Overflowing Wonder




“We declare to you what was from the beginning, what we have heard, what we have seen with our eyes, what we have looked at and touched with our hands, concerning the word of life— this life was revealed, and we have seen it and testify to it, and declare to you the eternal life” (1 Jn. 1:1-3).


On the third day of Christmas, we celebrate the life of St. John the Apostle. John the eagle, as he is portrayed in art. He had the spiritual sight of an eagle. His eyes were open wide to reality. Christmas is a time of wonder. It is a season for straining our eyes towards God’s piercing light around us. It is most fitting that now we remember John the eagle. We too must open our eyes to God’s presence.


It is ironic how the serpent tempted Eve.


“You will not die.” He whispered to her. “For God knows that when you eat of it your eyes will be opened” (Gen. 3:5). Of all lies this is most painful. Indeed, no one wants eyes shut so firmly as this serpent. No one is so skilled in casting spells of spiritual blindness.


The English poet, Henry Sutton, wrote the line:


“Man doth usurp all space, stares thee, in rock, bush, river, in the face. Never thine eyes behold a tree; ’Tis no sea thou seest in the sea, ’Tis but a disguised humanity. To avoid thy fellow, vain thy plan; All that interests a man, is man.”


God crafted together all the beauty of the world so that, in the beauty, we could get a glimpse of his beauty. Every sunset, every flower, is an icon of the creator. Every moment a seedling sprouts is a proclamation of the wonder of God. Yet, and it is such a tragedy, so often all we see is man’s world. In some ways, Adam and Eve’s banishment from Eden is an allegory of human eyes shutting. We are blinded. Christmas comes to open our eyes.


Plato tells an allegory of a cave. Souls are chained up in darkness from the moment of birth. They sit in gloom, and see nothing but shadows from distant flames. One day, a man breaks loose. He leaves the cave and discovers light, trees, grass, and the splendor of creation. At once he returns to the caverns to tell his peers, but they do not listen. All they know is shadows, and all they will have is shadows.


On Christmas day, that man was born, the Messiah, the eye-opener. He is the man proclaimed by Isaiah:


“I will keep you and will make you to be a covenant for the people and a light for the Gentiles, to open eyes that are blind, to free captives from prison and to release from the dungeon those who sit in darkness” (Is. 42:6-7).


Christ has come and he will open our eyes.


St. John’s words run deep.


“We declare to you what was from the beginning, what we have heard, what we have seen with our eyes, what we have looked at and touched with our hands, concerning the word of life— this life was revealed, and we have seen it and testify to it, and declare to you the eternal life” (1 Jn. 1:1-3).


Faith is not about blind belief. Faith is about living wakefulness — hearing, seeing, touching, and contemplating. God asks us to have faith because he wants us to be alive.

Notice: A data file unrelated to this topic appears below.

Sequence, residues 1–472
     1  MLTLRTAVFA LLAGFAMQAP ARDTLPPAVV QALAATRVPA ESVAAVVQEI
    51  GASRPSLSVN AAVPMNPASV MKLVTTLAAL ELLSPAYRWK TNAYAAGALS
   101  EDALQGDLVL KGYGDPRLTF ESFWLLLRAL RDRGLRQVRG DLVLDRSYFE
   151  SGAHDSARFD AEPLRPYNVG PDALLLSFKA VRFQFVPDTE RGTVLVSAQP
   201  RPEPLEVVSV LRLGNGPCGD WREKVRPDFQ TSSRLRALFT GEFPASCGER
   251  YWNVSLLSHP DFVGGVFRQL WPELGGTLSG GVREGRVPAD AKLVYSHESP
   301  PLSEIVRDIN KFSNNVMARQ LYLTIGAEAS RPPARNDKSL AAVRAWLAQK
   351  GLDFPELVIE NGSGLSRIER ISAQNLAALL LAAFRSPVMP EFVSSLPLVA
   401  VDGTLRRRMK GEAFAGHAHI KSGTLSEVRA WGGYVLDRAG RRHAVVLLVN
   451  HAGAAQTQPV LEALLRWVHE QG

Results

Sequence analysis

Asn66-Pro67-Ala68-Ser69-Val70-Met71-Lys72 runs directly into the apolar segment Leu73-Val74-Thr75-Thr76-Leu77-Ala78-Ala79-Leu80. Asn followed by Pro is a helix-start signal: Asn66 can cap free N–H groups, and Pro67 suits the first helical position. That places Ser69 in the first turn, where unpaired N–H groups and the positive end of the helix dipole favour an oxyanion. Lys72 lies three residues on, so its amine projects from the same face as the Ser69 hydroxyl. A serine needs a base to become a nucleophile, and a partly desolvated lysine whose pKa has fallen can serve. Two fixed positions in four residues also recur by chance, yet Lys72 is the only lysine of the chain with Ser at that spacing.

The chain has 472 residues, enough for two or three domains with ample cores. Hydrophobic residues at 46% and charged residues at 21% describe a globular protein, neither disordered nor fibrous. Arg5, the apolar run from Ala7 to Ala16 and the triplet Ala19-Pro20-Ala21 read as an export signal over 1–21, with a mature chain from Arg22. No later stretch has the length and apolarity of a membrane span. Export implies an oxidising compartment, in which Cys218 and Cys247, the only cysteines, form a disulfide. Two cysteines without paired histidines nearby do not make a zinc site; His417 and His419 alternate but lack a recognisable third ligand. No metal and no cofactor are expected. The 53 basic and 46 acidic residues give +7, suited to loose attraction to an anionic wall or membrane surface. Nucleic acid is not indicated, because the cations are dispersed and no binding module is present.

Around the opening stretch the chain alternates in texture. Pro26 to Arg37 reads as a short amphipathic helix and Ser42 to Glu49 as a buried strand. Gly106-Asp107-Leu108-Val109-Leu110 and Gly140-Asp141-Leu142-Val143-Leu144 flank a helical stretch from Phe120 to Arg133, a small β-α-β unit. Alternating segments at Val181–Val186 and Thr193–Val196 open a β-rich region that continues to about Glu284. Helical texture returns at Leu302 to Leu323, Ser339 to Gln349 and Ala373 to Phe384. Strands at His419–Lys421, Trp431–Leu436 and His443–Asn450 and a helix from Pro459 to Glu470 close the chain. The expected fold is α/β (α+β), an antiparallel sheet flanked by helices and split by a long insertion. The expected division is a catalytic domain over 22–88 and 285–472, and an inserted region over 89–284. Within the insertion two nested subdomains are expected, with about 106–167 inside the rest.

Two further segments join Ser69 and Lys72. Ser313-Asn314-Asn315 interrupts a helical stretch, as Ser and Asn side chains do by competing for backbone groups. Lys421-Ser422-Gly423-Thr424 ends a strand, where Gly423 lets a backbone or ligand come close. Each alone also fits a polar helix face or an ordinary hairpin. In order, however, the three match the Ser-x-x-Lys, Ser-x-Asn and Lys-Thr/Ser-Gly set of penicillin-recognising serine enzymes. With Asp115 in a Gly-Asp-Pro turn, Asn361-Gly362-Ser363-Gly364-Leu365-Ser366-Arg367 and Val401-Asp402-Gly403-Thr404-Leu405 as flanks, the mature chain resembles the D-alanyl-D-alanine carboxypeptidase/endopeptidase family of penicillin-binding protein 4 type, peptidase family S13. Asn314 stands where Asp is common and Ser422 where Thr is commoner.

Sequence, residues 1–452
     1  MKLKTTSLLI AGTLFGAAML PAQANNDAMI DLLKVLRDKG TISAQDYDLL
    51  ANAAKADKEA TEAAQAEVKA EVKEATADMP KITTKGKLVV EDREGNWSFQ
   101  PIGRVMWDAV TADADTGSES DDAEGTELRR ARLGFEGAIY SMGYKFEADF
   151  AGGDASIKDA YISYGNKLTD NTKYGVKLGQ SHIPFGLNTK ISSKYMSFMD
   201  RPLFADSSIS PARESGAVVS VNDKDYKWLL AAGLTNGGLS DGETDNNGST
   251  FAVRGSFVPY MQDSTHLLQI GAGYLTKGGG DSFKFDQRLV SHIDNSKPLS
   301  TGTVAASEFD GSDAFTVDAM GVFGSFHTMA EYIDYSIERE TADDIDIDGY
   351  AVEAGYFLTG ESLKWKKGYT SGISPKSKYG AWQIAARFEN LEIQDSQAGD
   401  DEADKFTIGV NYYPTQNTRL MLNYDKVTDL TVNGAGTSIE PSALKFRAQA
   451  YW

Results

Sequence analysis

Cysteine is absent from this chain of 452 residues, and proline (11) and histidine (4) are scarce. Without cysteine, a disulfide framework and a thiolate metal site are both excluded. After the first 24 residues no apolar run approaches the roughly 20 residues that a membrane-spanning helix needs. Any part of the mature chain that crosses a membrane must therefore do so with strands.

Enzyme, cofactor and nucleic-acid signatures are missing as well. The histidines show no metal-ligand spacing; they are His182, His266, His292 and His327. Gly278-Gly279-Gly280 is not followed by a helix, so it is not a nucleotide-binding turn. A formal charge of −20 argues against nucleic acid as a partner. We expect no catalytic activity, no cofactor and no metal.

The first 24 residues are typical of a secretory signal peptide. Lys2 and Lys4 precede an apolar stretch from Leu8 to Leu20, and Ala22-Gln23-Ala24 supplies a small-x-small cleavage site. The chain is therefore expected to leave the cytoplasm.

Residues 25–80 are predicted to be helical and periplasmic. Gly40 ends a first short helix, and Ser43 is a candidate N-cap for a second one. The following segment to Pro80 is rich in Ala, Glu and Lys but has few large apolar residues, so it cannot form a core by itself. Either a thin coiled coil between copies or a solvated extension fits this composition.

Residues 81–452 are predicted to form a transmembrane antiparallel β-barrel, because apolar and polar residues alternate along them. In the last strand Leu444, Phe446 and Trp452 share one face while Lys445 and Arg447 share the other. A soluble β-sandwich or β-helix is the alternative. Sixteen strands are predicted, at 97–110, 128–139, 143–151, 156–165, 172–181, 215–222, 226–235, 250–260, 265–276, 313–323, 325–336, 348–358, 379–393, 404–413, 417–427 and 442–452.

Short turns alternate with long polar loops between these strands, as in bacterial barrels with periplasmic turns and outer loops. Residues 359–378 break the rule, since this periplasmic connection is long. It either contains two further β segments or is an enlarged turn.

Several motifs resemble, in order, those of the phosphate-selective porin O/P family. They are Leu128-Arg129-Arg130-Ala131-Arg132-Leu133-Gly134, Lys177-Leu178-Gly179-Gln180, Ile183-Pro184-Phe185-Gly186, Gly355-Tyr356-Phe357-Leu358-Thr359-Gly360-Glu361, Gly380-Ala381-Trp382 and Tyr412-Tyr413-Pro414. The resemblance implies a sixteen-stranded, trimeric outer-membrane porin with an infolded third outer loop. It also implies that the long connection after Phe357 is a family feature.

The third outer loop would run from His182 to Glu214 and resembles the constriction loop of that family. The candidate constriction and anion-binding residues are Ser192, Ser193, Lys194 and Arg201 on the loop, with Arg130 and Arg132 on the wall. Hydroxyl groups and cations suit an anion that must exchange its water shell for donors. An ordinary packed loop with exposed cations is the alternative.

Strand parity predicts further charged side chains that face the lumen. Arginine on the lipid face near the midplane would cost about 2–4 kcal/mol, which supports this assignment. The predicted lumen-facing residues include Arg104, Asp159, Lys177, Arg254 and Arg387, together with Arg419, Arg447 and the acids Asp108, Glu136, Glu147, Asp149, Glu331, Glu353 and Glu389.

“Question the beauty of the earth,” St. Augustine proclaims, “Question the beauty of the sea, question the beauty of the air, amply spread around everywhere, question the beauty of the sky, question the serried ranks of the stars, question the sun making the day glorious with its bright beams, question the moon tempering the darkness of the following night with its shining rays, question the animals that move in the waters, that amble about on dry land, that fly in the air…Question all these things. They all answer you, ‘Here we are, look; we're beautiful!' Their beauty is their confession. Who made these beautiful changeable things, if not one who is beautiful and unchangeable?"


We are not meant to escape this world. We are meant to be transformed in this world. We are not saved from creation, we are saved in creation. During Advent, it was our duty to fast. We gave up meat and food and the things we enjoy. Now, through the twelve days of Christmas and all Epiphanytide, it is our duty to feast — not to gorge ourselves, but to cherish all of God’s gifts. This is the season to savor every bite you eat. To enjoy the beautiful color of wine in your glass or to inhale the smell of roasting meat. It is a religious obligation. Every holy pleasure ought to be savored. Then, while savoring each pleasure, offer up worship.


The Psalter prays: “I will give thanks unto thee, O Lord, with my whole heart; I will speak of all thy marvelous works. I will be glad and rejoice in thee; yea, my songs will I make of thy Name, O thou Most Highest” (9:1-2).


Adoration is life. Through these twelve days of Christmas and all Epiphanytide, strain the muscle of your heart called “gratitude.” Be fanatical. Let your neighbor think you have have lost your mind. Aspire to fill your heart with overflowing worship. God has laid out the whole banquet table for us to relish, and waits to hear our thanks.


His eyes were opened — Blessed John the Eagle. Through his prayers, and the prayers of the heavenly host, may God use this Christmas season to open our eyes and fill our hearts with wonder.















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